Buzz surrounding University of Leicester evaluation prompts publication of early findings

Posted by vh58 at Nov 25, 2015 10:07 AM |
High demand for insights into how the Patient Activation Measure could be used in the NHS has resulted in release of early findings

Early findings from a qualitative evaluation of the feasibility of using a new approach in the NHS to measure people’s confidence in managing their own health and healthcare have been published yesterday by the Health Foundation and NHS England. Assessing people’s skills, confidence and knowledge, the Patient Activation Measure is part of a move across the NHS towards ensuring more person-centred care.

Interest in the measure has been so great that the commissioners have taken the unusual step of publishing early stage findings of a qualitative evaluation led by Dr Natalie Armstrong, Senior Lecturer in Social Science Applied to Health and member of the SAPPHIRE research group in the Department of Health Sciences at Leicester University.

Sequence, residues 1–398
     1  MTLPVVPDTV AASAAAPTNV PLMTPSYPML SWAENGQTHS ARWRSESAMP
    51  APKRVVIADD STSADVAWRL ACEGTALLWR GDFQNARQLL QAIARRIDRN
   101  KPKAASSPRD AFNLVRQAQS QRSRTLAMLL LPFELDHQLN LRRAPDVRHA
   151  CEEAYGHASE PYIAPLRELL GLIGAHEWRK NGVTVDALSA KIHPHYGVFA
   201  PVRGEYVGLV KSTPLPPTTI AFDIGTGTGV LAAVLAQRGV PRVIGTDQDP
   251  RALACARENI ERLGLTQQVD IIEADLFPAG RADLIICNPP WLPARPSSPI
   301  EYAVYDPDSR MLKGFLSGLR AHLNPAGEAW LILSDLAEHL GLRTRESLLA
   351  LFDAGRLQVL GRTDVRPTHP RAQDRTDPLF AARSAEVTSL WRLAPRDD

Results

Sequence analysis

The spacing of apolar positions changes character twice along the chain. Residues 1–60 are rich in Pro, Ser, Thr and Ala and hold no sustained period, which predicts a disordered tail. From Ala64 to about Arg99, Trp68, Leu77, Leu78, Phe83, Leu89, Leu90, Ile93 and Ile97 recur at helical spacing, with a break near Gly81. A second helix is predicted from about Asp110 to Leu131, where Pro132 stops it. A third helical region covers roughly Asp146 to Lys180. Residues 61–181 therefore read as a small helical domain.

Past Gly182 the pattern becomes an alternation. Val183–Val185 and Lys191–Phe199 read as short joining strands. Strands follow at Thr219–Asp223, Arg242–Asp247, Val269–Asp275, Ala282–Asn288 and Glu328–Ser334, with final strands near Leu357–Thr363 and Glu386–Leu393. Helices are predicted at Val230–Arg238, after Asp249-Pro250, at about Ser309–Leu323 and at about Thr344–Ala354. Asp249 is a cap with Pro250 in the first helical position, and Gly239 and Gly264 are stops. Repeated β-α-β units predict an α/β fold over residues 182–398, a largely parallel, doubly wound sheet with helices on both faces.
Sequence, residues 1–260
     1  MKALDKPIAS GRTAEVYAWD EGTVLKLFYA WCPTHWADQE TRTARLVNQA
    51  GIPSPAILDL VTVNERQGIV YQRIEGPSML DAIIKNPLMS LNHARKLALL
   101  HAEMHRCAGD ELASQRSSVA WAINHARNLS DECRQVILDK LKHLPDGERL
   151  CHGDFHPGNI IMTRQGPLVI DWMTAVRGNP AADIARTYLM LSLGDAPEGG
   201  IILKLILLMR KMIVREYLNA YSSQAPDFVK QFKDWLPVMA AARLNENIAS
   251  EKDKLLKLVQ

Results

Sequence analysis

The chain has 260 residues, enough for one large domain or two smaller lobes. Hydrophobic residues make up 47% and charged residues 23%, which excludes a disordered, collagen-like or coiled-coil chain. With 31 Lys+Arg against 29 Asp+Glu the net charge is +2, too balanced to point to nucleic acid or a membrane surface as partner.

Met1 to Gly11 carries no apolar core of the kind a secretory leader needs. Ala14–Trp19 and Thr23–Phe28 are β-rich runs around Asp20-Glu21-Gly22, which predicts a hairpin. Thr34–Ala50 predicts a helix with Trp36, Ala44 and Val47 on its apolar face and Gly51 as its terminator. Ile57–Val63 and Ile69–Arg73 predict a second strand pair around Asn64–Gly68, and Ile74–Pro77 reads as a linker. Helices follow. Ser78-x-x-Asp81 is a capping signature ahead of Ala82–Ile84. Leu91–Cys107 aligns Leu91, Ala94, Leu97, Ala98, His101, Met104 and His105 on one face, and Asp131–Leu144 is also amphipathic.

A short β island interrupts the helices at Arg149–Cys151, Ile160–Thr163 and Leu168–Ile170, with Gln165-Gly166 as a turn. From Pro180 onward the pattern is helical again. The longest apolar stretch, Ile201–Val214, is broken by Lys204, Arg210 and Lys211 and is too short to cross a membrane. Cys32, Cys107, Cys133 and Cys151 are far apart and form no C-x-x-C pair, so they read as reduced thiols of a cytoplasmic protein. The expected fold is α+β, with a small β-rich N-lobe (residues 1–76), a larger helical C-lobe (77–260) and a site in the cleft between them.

Dr Armstrong commented, “This is a really exciting evaluation to undertake, and we’ve already generated a lot of useful learning. The measure has so far been used most extensively in the USA, very little was known about how it could best be implemented and used in the NHS context. This report will help organisations who are looking to use the measure, or other person-centred approaches, to support patients to recognise and develop their own strengths and abilities.”

The evaluation, commissioned jointly by NHS England and the Health Foundation, is looking into how five NHS clinical commissioning groups and the UK Renal Registry are using the measure.

The report presents the early successes and challenges of using the measure. It found that across the sites the measure is being used in a variety of ways, including as an outcome measure for different kinds of services or interventions, and as a tailoring tool to assess the most appropriate support to offer to patients. Considerable planning was required prior to using the measure and getting clinical buy-in was mentioned in five of the six sites as a significant challenge.

Helen Crisp, Assistant Director of Research at the Health Foundation, said, “We’re very pleased to support the evaluation as it’s a great opportunity to learn more about how to work with patients to build skills and confidence to help people be involved in and manage their care.”

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